Last month the new authorities scrapped a decades-old public order law, which primarily targeted women for “immoral acts.”
During the rule of Bashir, thousands of women were flogged or fined under the law.
Today, the launch of women’s club football is seen as a much-needed boost for women’s rights in Sudan.
Essam, who plays left midfielder for Tahadi, said the world would now know that Sudanese women are not just “meant for raising children and doing household chores.”
“Women’s rights are much more than that,” she said.
Rajab, wearing a track suit at the practice session, said the tournament was the best thing to have happened to Sudan, showcasing the country’s talented female footballers.
“We badly needed it,” said Rajab, whose aim is to score in every match.
“Hopefully, I will become a professional player overseas and return to the Sudanese team, if they choose me to represent Sudan in the next World Cup,” Rajab said.
For Essam, who reads the Qur'an every morning and wants to become a dentist, football remains a hobby.
Since the championship began on September 30, both players have won praise for their positive team spirit, with Sudanese newspapers splashing their photographs on the sports pages.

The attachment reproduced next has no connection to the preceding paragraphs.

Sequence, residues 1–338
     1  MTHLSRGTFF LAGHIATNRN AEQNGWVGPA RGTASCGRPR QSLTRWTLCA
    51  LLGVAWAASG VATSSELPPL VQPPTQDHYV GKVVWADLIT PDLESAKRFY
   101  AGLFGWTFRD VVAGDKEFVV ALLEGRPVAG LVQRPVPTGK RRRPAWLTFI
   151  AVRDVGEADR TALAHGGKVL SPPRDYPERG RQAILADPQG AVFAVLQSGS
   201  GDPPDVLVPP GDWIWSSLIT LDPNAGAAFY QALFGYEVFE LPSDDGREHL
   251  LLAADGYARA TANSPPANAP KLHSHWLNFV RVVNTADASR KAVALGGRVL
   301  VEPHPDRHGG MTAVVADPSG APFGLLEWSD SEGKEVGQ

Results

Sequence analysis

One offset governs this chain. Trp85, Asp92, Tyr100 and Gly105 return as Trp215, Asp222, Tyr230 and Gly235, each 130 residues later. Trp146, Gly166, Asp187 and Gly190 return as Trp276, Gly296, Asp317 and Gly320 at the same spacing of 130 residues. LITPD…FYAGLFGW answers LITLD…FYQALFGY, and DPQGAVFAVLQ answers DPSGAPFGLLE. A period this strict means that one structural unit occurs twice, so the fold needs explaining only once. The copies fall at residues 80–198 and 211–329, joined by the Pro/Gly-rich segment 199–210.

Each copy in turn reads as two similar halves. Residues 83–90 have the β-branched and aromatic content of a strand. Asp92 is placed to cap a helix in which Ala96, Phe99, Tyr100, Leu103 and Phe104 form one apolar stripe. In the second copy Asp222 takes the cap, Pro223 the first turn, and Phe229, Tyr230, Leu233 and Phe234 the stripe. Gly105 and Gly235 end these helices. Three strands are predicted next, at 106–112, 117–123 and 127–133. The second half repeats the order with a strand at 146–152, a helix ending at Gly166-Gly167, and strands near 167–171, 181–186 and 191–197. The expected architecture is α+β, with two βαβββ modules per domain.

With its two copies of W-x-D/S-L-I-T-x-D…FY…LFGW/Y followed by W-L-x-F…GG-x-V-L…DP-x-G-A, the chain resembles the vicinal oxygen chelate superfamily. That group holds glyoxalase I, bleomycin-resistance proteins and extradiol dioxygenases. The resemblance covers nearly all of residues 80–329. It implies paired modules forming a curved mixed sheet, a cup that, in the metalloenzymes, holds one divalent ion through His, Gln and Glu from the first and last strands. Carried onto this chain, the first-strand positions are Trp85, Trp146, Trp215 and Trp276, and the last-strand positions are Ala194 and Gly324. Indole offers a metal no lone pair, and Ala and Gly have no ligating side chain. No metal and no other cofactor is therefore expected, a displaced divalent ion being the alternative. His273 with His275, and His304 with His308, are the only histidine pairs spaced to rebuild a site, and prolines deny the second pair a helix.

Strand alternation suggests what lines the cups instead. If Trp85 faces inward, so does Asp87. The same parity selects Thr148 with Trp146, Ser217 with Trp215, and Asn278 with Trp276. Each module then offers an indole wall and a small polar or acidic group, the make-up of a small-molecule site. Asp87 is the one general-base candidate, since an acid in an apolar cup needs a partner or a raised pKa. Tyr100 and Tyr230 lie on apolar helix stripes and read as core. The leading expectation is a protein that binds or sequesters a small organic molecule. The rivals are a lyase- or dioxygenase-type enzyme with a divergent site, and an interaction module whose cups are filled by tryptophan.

“I play as a striker... Orjuan is a left midfielder. We coordinate and make passes to each other,” Rajab said.
Their coach Ahmed Al-Fakki said the two always have a countermove to any plays their opponents make on the field.
“Their goals speak for them, they were very beautiful goals,” Fakki said, as Rajab dribbled the ball behind him.
Essam and Rajab say they owe their new-found glory to understanding parents.
Essam said her father, a football enthusiast himself, is her biggest supporter and personal coach, often correcting her mistakes during training.
“Women are now competing with men at all levels, they are even taking ministerial positions,” said her father, Essam Al-Sayed, who is a banker.
Rajab took a liking to football at a young age, mostly playing with her brother.
“My parents had no objection, they kept telling me to push on with sports,” she said.
With the success of the league and the attention the two girls have brought to the championship — which has 21 clubs participating — organizers now want to tap more talent.
“We have convinced the ministry of education to open schools for training girls in football, and we have contacted FIFA to help bring football to young children,” said Fakki, who is also involved in organizing the league.
Essam and Rajab, however, remain special to him.
“Orjuan and Rayan are capable of becoming professional footballers,” he said.
“I tell them to show the world that Sudan has talent and it is only professional players who can help develop the sport.”